Some things I’m not looking forward to: (1) Running during Holy Week: 9 miles on Maundy Thursday, 6 on Good Friday, 8 on Holy Saturday, and 16 miles on Easter Day.  (2) My long runs will be on Sundays, effectively filling most afternoons after finishing worship at Upper Room.  I thought about adjusting the schedule and pushing them to Mondays, but it will be hard enough to regularly run 6 to 8 miles on Monday afternoons after opening at the cafe.  If I’m running double that distance, I’d rather do it on a Sunday afternoon. (3) Disappearing free time.  It appears that training for a marathon is a bit like a part-time job.  I’m going to be running for at least 5 hours a week at first, then almost 10 hours per week in the higher mileage weeks.  I should remind myself not to take on much extra during these months.

Today: 4 miles.  Here we go!

The stats below were sent to me a couple days ago by WordPress.  For a blog where I share a hodge-podge of theological questions, church news, book reviews, and notes from my personal life,  it seems to get fair traffic (5,000 views per year).  Based on feedback I get in Facebook, it seems most of my friends read my newer posts there, rather that on the blog itself.  Which means that what gets attention here are posts which show up people’s searches.  This is why only two of the 5 most-visited posts in 2010 were actually written in 2010.  And this is entertaining: a search for “sadness” regularly brings people to this blog.  Perhaps that means I’ll write on those regularly searched-for topics more in 2011. The environment, spiritual disciplines, and scripture, I mean.  Not sadness. 

Anyway, here’s this blog’s 2010 year in review, in Wordpress’s words:


The stats helper monkeys at mulled over how this blog did in 2010, and here’s a high level summary of its overall blog health:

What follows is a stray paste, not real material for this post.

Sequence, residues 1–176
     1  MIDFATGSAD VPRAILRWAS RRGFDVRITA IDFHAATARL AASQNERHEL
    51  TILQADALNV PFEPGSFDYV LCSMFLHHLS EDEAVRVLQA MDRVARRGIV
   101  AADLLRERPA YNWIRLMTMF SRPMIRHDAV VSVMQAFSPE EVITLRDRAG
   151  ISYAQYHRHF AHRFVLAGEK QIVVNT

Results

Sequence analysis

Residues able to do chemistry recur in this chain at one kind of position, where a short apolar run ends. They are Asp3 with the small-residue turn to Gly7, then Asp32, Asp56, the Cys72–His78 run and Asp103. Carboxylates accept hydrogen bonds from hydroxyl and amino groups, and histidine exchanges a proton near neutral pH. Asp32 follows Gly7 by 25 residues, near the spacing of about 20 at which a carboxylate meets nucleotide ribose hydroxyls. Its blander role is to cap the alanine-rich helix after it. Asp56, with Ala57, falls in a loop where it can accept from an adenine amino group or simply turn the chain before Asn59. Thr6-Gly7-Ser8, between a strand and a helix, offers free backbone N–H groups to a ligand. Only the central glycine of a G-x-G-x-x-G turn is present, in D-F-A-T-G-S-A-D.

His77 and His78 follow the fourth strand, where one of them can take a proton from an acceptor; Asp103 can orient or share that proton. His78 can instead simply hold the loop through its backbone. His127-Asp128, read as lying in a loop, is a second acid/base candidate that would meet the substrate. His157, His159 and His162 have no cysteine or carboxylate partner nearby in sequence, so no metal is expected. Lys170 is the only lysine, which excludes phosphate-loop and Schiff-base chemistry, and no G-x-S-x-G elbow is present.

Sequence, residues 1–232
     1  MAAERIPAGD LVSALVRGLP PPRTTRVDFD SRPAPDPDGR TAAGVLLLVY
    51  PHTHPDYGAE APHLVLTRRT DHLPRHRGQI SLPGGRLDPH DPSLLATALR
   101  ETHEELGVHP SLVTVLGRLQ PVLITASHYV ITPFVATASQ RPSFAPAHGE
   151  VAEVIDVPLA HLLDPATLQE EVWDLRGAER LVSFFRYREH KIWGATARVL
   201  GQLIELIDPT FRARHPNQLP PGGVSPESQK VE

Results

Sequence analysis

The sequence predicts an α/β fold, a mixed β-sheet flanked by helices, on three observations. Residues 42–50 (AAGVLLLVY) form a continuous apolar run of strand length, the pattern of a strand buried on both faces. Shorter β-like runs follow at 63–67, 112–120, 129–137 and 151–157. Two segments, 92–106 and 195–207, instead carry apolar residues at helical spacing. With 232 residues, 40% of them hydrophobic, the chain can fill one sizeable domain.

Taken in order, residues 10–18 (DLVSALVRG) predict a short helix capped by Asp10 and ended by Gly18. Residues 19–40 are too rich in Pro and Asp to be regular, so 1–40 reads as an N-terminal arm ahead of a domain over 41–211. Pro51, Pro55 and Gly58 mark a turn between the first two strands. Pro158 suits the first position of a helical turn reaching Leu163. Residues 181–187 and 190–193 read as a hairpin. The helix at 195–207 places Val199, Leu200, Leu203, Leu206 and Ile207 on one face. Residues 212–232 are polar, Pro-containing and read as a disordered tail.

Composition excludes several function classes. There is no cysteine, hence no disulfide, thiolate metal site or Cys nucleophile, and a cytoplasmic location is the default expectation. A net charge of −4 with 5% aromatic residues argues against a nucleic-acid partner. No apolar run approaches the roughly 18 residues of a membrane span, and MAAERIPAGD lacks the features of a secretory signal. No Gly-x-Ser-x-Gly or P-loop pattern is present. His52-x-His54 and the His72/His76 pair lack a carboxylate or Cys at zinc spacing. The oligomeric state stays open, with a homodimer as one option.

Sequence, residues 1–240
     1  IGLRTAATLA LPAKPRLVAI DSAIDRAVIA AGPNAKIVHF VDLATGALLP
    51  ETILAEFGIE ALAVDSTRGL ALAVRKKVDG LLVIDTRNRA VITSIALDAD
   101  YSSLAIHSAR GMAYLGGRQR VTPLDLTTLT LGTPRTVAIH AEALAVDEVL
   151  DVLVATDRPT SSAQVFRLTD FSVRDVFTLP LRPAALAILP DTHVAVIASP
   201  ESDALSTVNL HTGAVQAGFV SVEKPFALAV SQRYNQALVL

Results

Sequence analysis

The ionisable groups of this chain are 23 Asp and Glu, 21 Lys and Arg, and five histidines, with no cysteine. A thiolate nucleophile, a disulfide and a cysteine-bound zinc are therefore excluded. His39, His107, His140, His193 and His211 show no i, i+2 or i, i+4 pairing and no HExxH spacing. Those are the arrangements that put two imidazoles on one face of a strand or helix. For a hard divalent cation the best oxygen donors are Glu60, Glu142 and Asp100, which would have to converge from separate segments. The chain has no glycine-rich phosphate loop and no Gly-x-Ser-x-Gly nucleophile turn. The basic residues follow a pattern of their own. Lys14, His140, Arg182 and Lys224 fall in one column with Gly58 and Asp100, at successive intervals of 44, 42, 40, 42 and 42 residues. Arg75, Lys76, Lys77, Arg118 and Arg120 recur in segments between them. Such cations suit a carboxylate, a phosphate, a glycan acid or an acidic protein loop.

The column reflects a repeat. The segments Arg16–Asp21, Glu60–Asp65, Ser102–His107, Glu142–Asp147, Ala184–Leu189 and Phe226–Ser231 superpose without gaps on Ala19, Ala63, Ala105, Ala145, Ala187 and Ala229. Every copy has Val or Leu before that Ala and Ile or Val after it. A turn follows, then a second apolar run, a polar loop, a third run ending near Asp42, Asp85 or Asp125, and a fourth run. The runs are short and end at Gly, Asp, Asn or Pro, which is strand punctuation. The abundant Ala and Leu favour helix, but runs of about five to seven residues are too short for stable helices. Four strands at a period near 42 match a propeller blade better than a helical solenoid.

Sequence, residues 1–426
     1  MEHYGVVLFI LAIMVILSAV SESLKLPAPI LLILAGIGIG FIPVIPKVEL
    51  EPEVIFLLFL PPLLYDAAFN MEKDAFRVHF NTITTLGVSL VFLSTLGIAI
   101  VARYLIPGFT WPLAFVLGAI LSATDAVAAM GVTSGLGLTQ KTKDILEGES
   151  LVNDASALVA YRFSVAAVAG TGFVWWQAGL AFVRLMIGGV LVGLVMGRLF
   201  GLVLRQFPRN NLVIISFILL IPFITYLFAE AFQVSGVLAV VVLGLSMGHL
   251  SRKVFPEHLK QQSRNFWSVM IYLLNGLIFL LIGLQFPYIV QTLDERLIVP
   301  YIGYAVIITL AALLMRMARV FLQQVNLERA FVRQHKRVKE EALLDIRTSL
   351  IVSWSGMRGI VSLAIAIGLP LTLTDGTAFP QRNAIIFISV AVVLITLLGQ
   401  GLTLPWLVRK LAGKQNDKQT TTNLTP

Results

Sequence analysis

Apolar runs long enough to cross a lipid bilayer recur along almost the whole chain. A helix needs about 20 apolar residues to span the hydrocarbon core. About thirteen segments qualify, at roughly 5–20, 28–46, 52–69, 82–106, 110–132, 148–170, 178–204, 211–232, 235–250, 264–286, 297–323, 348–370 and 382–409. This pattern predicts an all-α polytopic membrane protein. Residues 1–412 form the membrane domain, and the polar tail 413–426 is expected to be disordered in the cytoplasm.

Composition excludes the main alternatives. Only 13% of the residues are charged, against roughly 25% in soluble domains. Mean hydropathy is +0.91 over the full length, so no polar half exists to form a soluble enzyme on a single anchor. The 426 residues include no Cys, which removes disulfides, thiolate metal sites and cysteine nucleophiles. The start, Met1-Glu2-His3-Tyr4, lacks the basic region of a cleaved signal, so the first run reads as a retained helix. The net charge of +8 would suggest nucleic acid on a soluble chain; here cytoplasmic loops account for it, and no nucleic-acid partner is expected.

Healthy blog!

The Blog-Health-o-Meter™ reads Fresher than ever.

Crunchy numbers

Featured image

A Boeing 747-400 passenger jet can hold 416 passengers. This blog was viewed about 5,000 times in 2010. That’s about 12 full 747s.

In 2010, there were 38 new posts, growing the total archive of this blog to 210 posts. There were 14 pictures uploaded, taking up a total of 1mb. That’s about a picture per month.

The busiest day of the year was April 18th with 61 views. The most popular post that day was Heaven and Nature Sing: Creation Care and Spiritual Disciplines.

Where did they come from?

The top referring sites in 2010 were,,,, and

Some visitors came searching, mostly for sadness, dominion over creation, genesis 1 dominion, bright, and working for jesus.

Attractions in 2010

These are the posts and pages that got the most views in 2010.


Heaven and Nature Sing: Creation Care and Spiritual Disciplines December 2008


Genesis 1:28, To “Subdue” and “Have Dominion Over” Creation January 2009


Renewing the Mind: Porn, Neurology, and Monkish Wisdom February 2010
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The Bright Sadness – New Charlie Hall CD August 2008


A Jewish Perspective of the Resurrection of Jesus March 2010